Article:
Revised: June 11, 2013

Published: October 2, 2013

**Keywords:**locally testable codes, affine-invariant codes, Reed-Muller codes, query complexity

**Categories:**complexity theory, codes, locally testable codes, affine-invariant codes, Reed-Muller codes, query complexity, special issue, RANDOM, APPROX-RANDOM 2012 special issue

**ACM Classification:**F.2.2, F.1.3, G.1.6

**AMS Classification:**68Q17, 52C07, 11H06, 11H31, 05B40

**Abstract:**
[Plain Text Version]

Over a finite field $\F_q$, the $(n,d,q)$-Reed-Muller code is the code given by evaluations of $n$-variate polynomials of total degree at most $d$ on all points (of $\F_q^n$). The task of testing if a function $f:\F_q^n \to \F_q$ is close to a codeword of an $(n,d,q)$-Reed-Muller code has been of central interest in complexity theory and property testing. The query complexity of this task is the minimal number of queries that a tester can make (minimum over all testers of the maximum number of queries over all random choices) while accepting all Reed-Muller codewords and rejecting words that are $\delta$-far from the code with probability $\Omega(\delta)$. (In this work we allow the constant in the $\Omega$ to depend on $d$.)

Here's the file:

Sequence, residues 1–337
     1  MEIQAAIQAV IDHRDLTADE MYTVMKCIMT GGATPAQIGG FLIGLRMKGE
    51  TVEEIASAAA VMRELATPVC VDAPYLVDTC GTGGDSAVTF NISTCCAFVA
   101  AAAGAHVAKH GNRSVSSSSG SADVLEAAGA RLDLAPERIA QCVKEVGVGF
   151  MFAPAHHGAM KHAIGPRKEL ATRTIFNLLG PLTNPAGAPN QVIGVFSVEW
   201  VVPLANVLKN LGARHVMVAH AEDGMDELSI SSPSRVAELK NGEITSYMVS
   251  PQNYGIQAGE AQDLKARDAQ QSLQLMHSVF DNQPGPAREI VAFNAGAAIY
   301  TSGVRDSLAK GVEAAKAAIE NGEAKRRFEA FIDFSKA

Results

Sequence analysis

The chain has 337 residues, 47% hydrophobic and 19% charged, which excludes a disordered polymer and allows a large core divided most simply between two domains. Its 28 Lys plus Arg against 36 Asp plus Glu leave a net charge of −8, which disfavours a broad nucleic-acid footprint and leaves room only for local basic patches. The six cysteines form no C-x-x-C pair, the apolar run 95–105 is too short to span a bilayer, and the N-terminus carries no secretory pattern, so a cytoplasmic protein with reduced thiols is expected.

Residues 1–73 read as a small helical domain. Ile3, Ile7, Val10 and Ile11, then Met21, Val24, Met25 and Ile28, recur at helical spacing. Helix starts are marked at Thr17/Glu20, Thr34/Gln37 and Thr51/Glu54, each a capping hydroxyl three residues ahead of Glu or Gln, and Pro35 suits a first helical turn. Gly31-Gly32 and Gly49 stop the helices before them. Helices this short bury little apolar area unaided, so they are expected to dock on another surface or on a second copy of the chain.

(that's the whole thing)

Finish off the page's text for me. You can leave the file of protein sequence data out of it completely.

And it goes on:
For codes over a prime field $\F_q$ the optimal query complexity is well-known and known to be $\Theta(q^{\lceil (d+1)/(q-1)\rceil})$, and the test consists of testing if $f$ is a degree-$d$ polynomial on a randomly chosen $(\lceil (d+1)/(q-1) \rceil)$-dimensional affine subspace of $\F_q^n$. If $q$ is not a prime, then the above quantity remains a lower bound, whereas the previously known upper bound grows to $O(q^{\lceil (d+1)/(q - q/p) \rceil})$ where $p$ is the characteristic of the field $\F_q$. In this work we give a new upper bound of $(c q)^{(d+1)/q }$ on the query complexity, where $c$ is a universal constant. Thus for every $p$ and sufficiently large $q$ this bound improves over the previously known bound by a polynomial factor.

In the process we also give new upper bounds on the “spanning
weight” of the dual of the Reed-Muller code (which is also
a Reed-Muller code). The spanning weight of a code is the smallest
integer $w$ such that codewords of Hamming weight at most $w$ span
the code.
The main technical contribution of this work is the design of tests
that test a function by *not* querying its value on an entire
subspace of the space, but rather on a carefully chosen
(algebraically nice) subset of the points from low-dimensional
subspaces.

An earlier version of this paper appeared in the Proceedings of the 16th International Workshop on Randomization and Computation (RANDOM'12), pages 639-650, 2012.